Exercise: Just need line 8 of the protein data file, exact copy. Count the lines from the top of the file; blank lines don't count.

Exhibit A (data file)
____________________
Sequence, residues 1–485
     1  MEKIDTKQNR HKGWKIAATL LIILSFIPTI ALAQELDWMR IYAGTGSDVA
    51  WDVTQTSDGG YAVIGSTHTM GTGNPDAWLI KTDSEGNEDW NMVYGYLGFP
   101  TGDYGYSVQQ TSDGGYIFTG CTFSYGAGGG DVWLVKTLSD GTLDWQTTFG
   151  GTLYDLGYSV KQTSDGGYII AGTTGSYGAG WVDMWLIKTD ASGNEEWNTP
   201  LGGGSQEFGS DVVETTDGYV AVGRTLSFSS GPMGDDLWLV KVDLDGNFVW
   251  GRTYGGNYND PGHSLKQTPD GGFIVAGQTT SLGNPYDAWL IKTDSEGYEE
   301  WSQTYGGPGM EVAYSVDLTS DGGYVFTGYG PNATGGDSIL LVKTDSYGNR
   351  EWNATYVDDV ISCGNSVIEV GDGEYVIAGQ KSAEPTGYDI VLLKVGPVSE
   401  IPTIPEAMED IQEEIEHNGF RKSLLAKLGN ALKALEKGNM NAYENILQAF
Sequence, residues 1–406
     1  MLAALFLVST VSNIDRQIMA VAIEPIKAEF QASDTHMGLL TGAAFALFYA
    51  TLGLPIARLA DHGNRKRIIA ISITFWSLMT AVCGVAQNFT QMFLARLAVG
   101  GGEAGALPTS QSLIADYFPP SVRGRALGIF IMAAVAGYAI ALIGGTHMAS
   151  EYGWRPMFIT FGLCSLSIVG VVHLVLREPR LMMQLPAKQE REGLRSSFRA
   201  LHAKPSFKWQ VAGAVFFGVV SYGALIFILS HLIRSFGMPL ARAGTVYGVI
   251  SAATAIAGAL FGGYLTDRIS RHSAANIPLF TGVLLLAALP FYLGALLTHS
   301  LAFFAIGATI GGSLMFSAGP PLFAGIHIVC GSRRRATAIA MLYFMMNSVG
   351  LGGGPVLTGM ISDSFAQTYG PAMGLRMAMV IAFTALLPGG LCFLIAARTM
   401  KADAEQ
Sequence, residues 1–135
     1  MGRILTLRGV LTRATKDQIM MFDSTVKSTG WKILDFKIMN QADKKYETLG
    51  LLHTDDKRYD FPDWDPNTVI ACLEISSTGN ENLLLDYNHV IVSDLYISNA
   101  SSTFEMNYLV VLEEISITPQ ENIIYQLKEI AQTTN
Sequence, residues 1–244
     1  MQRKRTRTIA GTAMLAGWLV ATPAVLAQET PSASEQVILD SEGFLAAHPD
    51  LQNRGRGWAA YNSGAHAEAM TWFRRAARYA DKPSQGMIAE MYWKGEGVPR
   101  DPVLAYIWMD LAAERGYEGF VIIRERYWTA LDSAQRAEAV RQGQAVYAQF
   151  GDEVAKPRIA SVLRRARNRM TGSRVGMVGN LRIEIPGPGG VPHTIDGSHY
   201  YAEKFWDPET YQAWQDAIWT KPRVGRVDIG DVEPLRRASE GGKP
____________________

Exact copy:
   301  WSQTYGGPGM EVAYSVDLTS DGGYVFTGYG PNATGGDSIL LVKTDSYGNR